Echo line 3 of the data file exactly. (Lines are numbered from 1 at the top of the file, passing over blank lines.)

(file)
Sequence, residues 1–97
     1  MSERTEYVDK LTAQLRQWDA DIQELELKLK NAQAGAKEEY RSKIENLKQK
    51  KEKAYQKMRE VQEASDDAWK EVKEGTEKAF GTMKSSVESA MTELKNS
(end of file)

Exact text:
    51  KEKAYQKMRE VQEASDDAWK EVKEGTEKAF GTMKSSVESA MTELKNS